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DAYLIGHT FOR THE GHETTO.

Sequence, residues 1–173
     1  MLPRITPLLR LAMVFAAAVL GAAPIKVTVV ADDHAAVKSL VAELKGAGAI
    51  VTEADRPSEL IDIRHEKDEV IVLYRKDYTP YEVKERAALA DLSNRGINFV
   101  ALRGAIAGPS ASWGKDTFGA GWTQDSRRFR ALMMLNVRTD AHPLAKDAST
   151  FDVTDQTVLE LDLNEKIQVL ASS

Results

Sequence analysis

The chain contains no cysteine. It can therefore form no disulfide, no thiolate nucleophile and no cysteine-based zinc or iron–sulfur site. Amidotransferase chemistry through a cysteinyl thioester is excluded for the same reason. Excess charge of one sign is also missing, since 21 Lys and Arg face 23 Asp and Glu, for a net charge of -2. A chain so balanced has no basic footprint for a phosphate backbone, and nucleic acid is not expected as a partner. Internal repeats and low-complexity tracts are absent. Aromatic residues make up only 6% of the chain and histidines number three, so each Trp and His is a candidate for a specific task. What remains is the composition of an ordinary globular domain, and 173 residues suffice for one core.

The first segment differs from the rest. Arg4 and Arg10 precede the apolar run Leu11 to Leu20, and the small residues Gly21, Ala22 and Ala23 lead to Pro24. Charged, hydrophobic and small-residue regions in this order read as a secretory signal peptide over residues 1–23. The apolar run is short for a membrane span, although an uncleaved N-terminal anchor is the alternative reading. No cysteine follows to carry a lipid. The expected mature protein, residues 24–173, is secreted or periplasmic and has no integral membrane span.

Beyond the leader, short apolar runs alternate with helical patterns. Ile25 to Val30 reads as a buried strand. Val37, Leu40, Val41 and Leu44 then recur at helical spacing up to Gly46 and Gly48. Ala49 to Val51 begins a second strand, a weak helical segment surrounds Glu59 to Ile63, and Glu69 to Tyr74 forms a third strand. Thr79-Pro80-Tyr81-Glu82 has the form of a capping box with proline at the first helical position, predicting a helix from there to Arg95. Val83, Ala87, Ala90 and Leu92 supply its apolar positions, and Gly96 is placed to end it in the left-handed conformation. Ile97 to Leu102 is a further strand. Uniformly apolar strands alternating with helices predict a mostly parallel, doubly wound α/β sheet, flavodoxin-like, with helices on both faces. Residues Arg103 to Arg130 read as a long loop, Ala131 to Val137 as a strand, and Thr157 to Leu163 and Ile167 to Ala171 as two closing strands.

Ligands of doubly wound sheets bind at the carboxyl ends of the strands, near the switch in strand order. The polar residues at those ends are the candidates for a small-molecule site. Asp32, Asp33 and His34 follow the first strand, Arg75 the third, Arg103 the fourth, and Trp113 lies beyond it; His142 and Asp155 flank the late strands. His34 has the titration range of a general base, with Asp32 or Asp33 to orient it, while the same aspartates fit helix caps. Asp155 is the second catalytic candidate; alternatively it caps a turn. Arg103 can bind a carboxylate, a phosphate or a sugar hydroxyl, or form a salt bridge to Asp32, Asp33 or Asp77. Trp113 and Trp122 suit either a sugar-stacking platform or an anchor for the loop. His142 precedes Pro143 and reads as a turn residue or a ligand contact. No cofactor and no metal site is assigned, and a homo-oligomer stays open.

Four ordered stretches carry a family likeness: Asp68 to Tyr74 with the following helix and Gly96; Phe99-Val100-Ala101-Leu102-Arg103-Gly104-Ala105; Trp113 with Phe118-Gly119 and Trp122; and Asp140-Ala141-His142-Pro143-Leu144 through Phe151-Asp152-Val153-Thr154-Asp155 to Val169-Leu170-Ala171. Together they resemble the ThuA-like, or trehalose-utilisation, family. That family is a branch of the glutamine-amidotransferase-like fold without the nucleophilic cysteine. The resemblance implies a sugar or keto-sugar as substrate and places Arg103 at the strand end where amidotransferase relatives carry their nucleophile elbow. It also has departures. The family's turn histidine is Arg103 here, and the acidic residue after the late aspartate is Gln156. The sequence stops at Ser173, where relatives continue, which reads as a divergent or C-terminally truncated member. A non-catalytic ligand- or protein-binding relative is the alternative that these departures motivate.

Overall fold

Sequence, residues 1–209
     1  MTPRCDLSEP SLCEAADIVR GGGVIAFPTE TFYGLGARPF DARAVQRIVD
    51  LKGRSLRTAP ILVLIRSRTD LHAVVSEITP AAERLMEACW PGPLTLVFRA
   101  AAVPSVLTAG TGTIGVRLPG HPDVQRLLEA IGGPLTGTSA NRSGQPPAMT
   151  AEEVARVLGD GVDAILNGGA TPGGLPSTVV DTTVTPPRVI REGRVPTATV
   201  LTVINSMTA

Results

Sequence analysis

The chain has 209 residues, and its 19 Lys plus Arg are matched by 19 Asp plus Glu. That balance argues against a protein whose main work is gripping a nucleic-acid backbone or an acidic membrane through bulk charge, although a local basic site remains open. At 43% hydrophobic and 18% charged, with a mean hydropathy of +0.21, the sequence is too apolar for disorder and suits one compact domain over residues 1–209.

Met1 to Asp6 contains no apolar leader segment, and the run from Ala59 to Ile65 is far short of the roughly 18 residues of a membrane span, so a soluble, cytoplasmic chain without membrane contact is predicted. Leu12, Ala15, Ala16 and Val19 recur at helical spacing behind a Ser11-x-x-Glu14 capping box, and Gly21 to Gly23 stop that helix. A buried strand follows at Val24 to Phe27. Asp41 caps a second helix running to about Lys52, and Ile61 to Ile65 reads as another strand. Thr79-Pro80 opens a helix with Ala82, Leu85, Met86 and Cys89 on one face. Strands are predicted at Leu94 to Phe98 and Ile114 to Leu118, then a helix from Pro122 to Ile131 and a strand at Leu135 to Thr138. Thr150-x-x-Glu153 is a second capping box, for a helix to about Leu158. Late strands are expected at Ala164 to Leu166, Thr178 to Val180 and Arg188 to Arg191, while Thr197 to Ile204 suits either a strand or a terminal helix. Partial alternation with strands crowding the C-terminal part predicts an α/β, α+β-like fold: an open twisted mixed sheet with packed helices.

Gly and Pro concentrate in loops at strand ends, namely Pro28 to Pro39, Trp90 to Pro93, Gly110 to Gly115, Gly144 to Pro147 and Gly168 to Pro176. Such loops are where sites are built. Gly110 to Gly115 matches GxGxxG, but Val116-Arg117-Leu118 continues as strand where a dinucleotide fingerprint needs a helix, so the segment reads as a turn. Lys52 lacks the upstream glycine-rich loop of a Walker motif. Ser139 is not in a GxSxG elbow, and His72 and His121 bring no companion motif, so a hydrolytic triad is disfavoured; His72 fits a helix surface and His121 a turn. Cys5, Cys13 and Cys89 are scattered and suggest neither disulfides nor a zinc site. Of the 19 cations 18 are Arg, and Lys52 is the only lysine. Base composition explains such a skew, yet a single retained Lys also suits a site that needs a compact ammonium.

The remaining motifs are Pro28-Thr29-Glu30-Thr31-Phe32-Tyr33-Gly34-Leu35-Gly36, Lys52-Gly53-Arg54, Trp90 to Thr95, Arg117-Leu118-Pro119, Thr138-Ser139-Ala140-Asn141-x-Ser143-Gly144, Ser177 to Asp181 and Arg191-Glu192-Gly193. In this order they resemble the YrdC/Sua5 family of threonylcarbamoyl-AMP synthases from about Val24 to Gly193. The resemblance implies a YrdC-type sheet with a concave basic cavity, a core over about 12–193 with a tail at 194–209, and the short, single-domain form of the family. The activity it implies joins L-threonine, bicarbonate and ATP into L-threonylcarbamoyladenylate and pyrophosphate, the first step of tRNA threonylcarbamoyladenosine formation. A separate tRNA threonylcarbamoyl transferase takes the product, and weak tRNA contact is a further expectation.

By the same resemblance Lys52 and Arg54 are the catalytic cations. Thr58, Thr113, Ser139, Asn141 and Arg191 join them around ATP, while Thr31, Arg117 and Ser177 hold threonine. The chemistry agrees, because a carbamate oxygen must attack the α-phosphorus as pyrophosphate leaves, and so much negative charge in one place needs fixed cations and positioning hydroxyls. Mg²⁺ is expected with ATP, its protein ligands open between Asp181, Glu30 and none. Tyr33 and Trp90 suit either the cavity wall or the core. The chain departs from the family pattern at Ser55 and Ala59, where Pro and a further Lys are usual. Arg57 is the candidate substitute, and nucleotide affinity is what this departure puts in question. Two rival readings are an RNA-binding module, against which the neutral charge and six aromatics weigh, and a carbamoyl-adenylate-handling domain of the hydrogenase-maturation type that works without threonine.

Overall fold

WORK ON SMAT/L, TARKS FOI? TII K MORT CI?OWDEI? OF SLUM.**. TwuuMunt "foora rookkrisa to ra torm ijown TO ????: ??.?.1: l'Oit GRASS ASO PUCAS?RE l.ril.DiNOr*. After ten years of effort and educating, day? light ls about to be ht Into the malodorous, crowded Ghetto. The book an.i hatchet are in readiness to tear out two broad spaces In the heart of the most congested sections that they may be sodded with green turf, traced with as? phalt walks, and become pleasure grounds for the thousands of toilers that have neither the time nor the money for journeying? to the parks uptown. It Is one of the real, practical fruits of the small parks movement that has for its object the bringing of grass and fresh air to the very doors of the tenements, for the chief benefit of children and tired women. Notices have already be.ii served on the ten? ants of the buildings In th?s?? areas to remove Immediately, and the plan is t?. have all the 6tru< tuns razed to tbe ground by Augllhl L'<?. Bo overloaded are these tenements with humanity that although only als blocks or so are to g?., nearly sixteen thousand men, women and chil? dren will hav?? to move. At Are! it will r? Milt in packing the surrounding Ghetto still more closely, but even this ,?, ill hav*? it?-? compensations ln the wide spaces sel free. Lat? r, it Is believed, many will remove uptown. Such a wholesale di structlon of landmarks an I alt.Ting of the face of things the Bast Sid??, that chang's little, on Ih? whole, as year follows year, baa never known. Borne of the moal plcl nreaqne ?tn?! curious buildings and blocks of tbe town will 1??? wiped out Th? park Is to run from Kssex-.st., at the corner of Hester-st., t?? East Broadway (including Ihe Benin* fountain), thence to Jefferson-st., up Jefferson to Division, along Division to Buftolk, to Hester, and then bach t<> the corner flrat spoken ot The east side of Baaex-at. will thus go (all th? buddings between these point?: being tOITl ?!? ..M. ?.!' lidi Of HeS ter-st. along Its two buslesl blocks, tbe ?? I bl.?? k of Norfolk-st, wi;h Its high, grimy tene? ments, its rear houses and its tiny courtyards; one side of Sirfio.k-st. below Hester or?.! t1:?? upper end of th? s'iuar?? ihiit Baal Broadway makes at Ita Juncture ?.?.ith Canal-st Strali?.?? bodge-podgea ?.!' buildings are In these aquarea, the low mingled with the '.u?!). sis-story tenements with their flre-eseapes reaching <>ut lil;?? spider wei.s alongside of i??w wooden cot? tages, dating bach long before the war. There la on?? building, non a Maims groggery, at Nor? folk and Division bid. to **? with Use rea*. Uia.t merits remembrance, for Its wooden walls made a rendezvous many years oro for the lieutenants of William M. Tweed. Her??, it Is said, this "Bo"**"** arranged many of his plans. FVw of ths buildinirs, thouKh, have any ?definite traditions or memos lea, Those that ? iw tower abov?? their neighbors and shelter, .?ach .me of them, secs if not hundred.;, were built only a few yeara ago, when Polish and Lithuanian Immigration began to swell the death rale of the old ?????!?? Ward. Th.re are ?enough of the perniine old stru?tur?-s standing, however, ?especially those in this part of I ?ivision-st.. to ?five the re'rion th?? charm of constant variety. Had the one aim been simply to pick the won't tenements in New-Tork tot blotting out, hardly a b??lt< r section could have been chosen. A r.w of those in Norfolk and Heater sts. within thes?? park boundaries, and hence to fail apeed j ily, now are abodes ..f the foulest typ??. The ' nipht has always ben th.? time to s.?.? them in thiir bare, loathsome detalla. Then by th.? dim , Same of a siimi.? lamp .ach revelation <>f povi r ty stands out more dearly and more distinctly, the playgrounds of the poor. (lb ster-st., lof>kiii|" west from Norf.ilk-st.) ami th<? "jargon" that <?? hoes through the black hallways s??? ms uncanny and W? ini. New-Tork'a Jewry will be greatly altered by ? this ?park-making In its most vital part, but hard? ly inore ao than the ?region ?somewhat further : uptown, on the dividing Uni ??f residence between ? the Hungarians, Jewa and Irish folk. This aec ond park, tearing down for which is t?. begin . at th.- sam*? lime, la to . m ? ?1 from Cist ,11??ustm.-: t. to Stanton-st., and from Pltt-at. to I 8heriff-8t., destroying thai portion "f w.lbtt-st. that la in between, levelling t.? the ?ground the ! ram..us old "Bone Alley." a spot that has Ii ng ? . u ?i..? bane of philanthropies. Th. re aie not ; s?, many tall ??? m m ni here, ami more liitl?? h mi . of ,? .? ?;, long past; nor la ther? aa mu? h Ufi and movement. But ?iirt relgna quite as much ?king, and if the buildlnga do not no quite s., high in th. air. they ar.? still as crowded and as much the haunt of poverty-stricken living as those tbal ar In Esses and Norfolk sts. What these "small parks" will be, when tbe last bit of tutf has 1?.?. ? laid and the finishing ? ?uchca put on tbe whit? edifitea to stand In them, is shown In Cori-.?is H??..k Park to-day. That "reservation" in the midsl >.i a ?crowd d city haa the added advantage of being on the river front, with a broad prospect of water and sky in al least one direction. Already, though it la hardly complete even yet and bas been thro.? ? open only a rear, it has entirely modified the . haracter of the aurroundlng district. Hun? dreds viali it every day, the ?popular hour, of ? ours.?, ?being after nightfall; mothers with chil? dren in th? ir arms or holding ti>-ht t<> their ?kills, older < hltdren racing aloni,- the paths ur up and ?low p the broad slips of the ?great pa vilion, L>iiu?U iuui?? i:.?-a ami -?irla o? Uli.? mamtA Kai.?, and tired-out workmen, who, oftener than Otherwise, get a quiet "snooze" ??n the benches, far more comfortably that they cou!.I of a hot summer's night In (heir < los ? rooms. As a pia.? of r*?st and comfort for the poor, the modern "small park** goes a lotit? way ahead of the ???. ks. LITTLE EAST SIDE PESSIMISTS. HOW Tin: TAi.Mt'i? IKPL?BNCEg and IN? SPIRES Till?: JEWISH CHILDREN - THEIR AMBITIONS Ari gTUDENTS. A s'rang'iy pathetic story of th?? news printed ?aiiy in th?? week concerned a boy of th? tene? ments, Sim?.? by nani.?, fourteen years old, the son of J"wish parents of tbe los.'sl class, who, discouraged and crushed because be bad fail???! t.. .vii a scholarship at the tlm ? of taking Ids examinations for the College of th ? City of New Tork, drowned himself in the Baal River, A curious feature of this suicide Was lhat the boy was a Socialist in embryo, and had mad*? up his mind to become a preacher <<t tins, doctrines to his fell .v..?? in it?? depth? of p**nttrnk*m over l.is failure h?? kill?.i him.??? If. ! Though such ? .ase is unusual, this dissatis ; fled, ambitious temperament is .1 <?. minori thing 1 arming th.? youth of th ? Baal Sub. The lower the . !.. ? and tb?? greater the poverty th.? more | fully th? re tendencl s an? developed, "f quite | as great an ambition are the Jewish girls of the tenements, but m them th?? pessimism and th? I dissatisfaction are alt Iher la ? ? ? g, As brill? iant and a- hard stud nia as th?? boya they are brighi in spirits and happy. Bui th.? tenement bred !"?.'? of thla faith <??- a disciple "f Schopen? hauer, and, almost b f.>.? he begins t.? wear long trousers, a student of political economy and so? cial ethics. Th?? time bi ya of other ra? a spend hi ball and athletics be devotes t?> study and discussion, it is ??? unusual thins !'" youngsters of twelve and thirteen t" be heard grav ly dis? cussing the deepest problems of lit'.?, quoting correctly from star der.; and deep works of phi? losophy. If accused of being pessimists, thy deny th?? ?bar?;*. becaUf ?. they say, "a pessimist is a man wir?, kiils hin,s if. beine tired of living, aad we do not int. nl ??> die." Bui they have .? fine scorn ?.f society and the progresa of th.. world, and h.?|,I to it all through ih? ir boyhood. What gives these boyi and girls their remark ai ??? mental grasp of morals ami philosophy and makes them able to argue so fluently, splitting points with th-? cas? of practls? d orators, ?s -aid to ' ?? th*? Influence of the thousands of years ?>f th.? Talmudlc training *.f their race. Their fathers and grandfathers before them, and even ?, n? lariuiL? buck. UioLixh iguoiaat in tho aa? ? eepted term, peasants and ped? re, "were drill-?1 In the Talmud, which is a code of manners, mor? als rand philosophy of ?great compietene** The Influence of heredity is most pronounced In thens children. ?Sever? students, they carry ??? ?prisa after prize in ?college ?and ?achool. A year cr so as??, at the College of the City of New-Tork, two brothers won nearly ?very prise offered eleven in all. In the Normal ?College and In the university just Mentioned the hightol ranklnga are nearly always won by these boya and girla, Coming fr? m stuffy tenement-rooms, roughly dressed and stunte.i in ?growth, thev give all their working hours to achieve simply li-.r;. The disappoint? ment at anything resembling failure Is crushing. Hut they B*4dom falL It is .?nly hatic? about Is!?? that these ; : Jews of Ihe tenements have bi n noticed In 'l.y nnm!? rs in the blghei schools of ?? M V ile. In th?s?? leven years, however, they have raised the . tandard <>f acholarshlp t ? a point it Is ex tr. mely difficult for any one ? li e to attain. Even arriving at this, the mosl ?f th?m of the b ya ? are full of moods and sll nces, discontent d that they cannot move th ? world at once. <?? EL INDIA V DA \'CE8. tortures inflicted on helpless victim.?;. Washington corresponden of The Bt I ?ula Globe-Democrat. Captain chart, s ?. Nordstrom, of the l?th United states Cavalry, acting Indian agent at the Pueblo and Jicarllla Agi ri? y, In ??\?;-?? xlco, has written an Interesting letter to the Com missioner of Indian Affaira with regard to the Indian dances. The ?letter treats of the eubject In a manner novel in official communications, and throws new light on a matter that has long given great concern to everybody Interested In the Indian question. The letter is dated June 2& ?Captain Nordstrom says: "During my recent inspection of the day schools attached to and lying south ?if this agency many of the teachers complained that on the occasion of a 'dance' In the Pueblo ;h?.*y were either locked In their rooms and compelled to remain there until the festivities were over or were driven out of the village entirely, and ordered not to come back under a given time - the teacher at San Felipe being ejected and driven ?across the Klo (?rande. "The Indians pretend that it would be ?sacri? legi to admit an outsider to a participation In them, or even to be present ?as a sp"<.-tator, but this is only a pretext, an excuse to ail.iv/ them to assert their prerogative, the traders at Jemez an?l Zuni informing me that neither of them is molested when th? dances are going on. and that they have both bien Invited t<> ami have witnessed even the most Beeret <>f them If these ?dances, like the camp-mcetlng revivals of the Southern negro, resulted only in a harm? less enthusiasm in rellgfoua fervor, no exception could be taken to th.-m, but they are often the origin of gr??at outrage?. The trader of Zuni related the circumstances ?>f one cas.? wMch to?ik place in that village not Ion?? ago, which does n<>t speak very well for the advancement of those engaged In it "A young man, just from Carlisle, was ordirci to dance, and dcciine.1, representing that he had graduated at s? ho?>l, had learned a trade, and was now an American, and Americana did not danee that way. Thereupon the governor ar? rested him, tied him up to a tree, and ordered him leiten, and beaten be was- nearly to death. He danced after that. "Xunl. it will be recalled, was the ecene of the ri-cent hangln-,- ?>f a poor old creature as a witch. While I was there Miss Dlssette, th?? estimable ?principal <?f th?? school, aent for the victim of this ?revival "t the days when ..ur New-England forefathers piously devoted th? Ir neighbors to the stake, and bared h?'r poor ,.|| arms t . my In? specte.n. There waa no difficulty In discern? ing the s.ars mad.? by the cruel curds, which had cut the fiesfa through ?<? ti.?? bone. This poor old woman is al leas! aeventy-flve or ?eighty y.-ars old. At thi Imminent risk <?f her life and the forfeiture of her ?popularity with the ?medicine ????? Miss Dlssette went to the .?id woman's house, and, by nursing her night and day, revived the (Ink. ring lini??? "f lif?? which had so nearly ?been extinguished. As this woman. h'?r voice tr? mbltng with Indignant emo I tlon, described the circutnstancea of thla un? speakable horror, my own cheek blushed that thirty-six yeara ? f my lif?? had been apenl in 1 the aervice of a government under which such things could be done. "The ttader's -....k. an Indian youth ab ut twenty, unfortunately incurring th.? displeas? ure ???? th?? medicine men. was arrested as a witch, and. hut for ti. flrmnesa of bla em? ployer, would ?have b ? put I ? death, and even now he dues not venture outside th premises after dark for fear of being kidnapped by the emissaries of these Renda In human ahape, who will never rest ratlsfled until he la immolai 1 upon th.- aliar ?f their beastly superstition. "It may be ?asked. 'What has all this get t.. do with dances?" Everything, because all the outragea committed originate In a ?lai.ee. is rain wanted? Then ?lance. is there a tlood? The} dance. Should the doctora lia?. made a m stake In their estimai ? of Ihe amount of hu? midity th?? clou.!?? contain, and precipitation f.?i! to ensue, or if the rain continu ?.? and the Hoods fall t?? subside, they Immi llately :.t^[ about them for a acapeg? rt. who la arrested and treated a ? a witch, fur making m ? 11 ? - i t : ?gainst th?'ir mclicin??. and they invariably hit upon sum.? p..or oi.i woman who has nei;!:.?!? money nor fri? tels, or other poor devil (no profanity Intended) without connection! or Influence, whom they devote to torture often death, .?nd thus ?save th Ir reputations a*? augura and aooth aayers. "Th?.-; whole question In all Ita damnable ramifications will, of n< 'ty, havi t< be set? tled aooner or later. The >'?? "ernment cannot a . ..n appi ?printing millions y ..;? sfl tr year for the civilisation ?>f the Indian while theae piacu.? apota exist and thrive on it-? bounty. Hut this letter is principally con ?nod for the protection of the teach.rs. What sh:? 11 I da to secure them from insult in tbe future? I r.? ape-ctfully ask for Instructions It is no us.? t? turn the matter .?\??? to th?? Territorial authori? ties. That haa ?.? tried and failed. The gen? eral Government bas ?got t" tak? hold of It, through Hi F.trong arm of Ita arbitrary pow? rs. Force, by which th.se ?people ?govern them aelves, la ih<? only argument which appeala to their obedience, and th?? state ?if tblnga I have described will continu.? to go on until, by a show ?if force, they he. onv? <-<>uv_?d the Cov? ar?,????ut Li ?*> tintimi**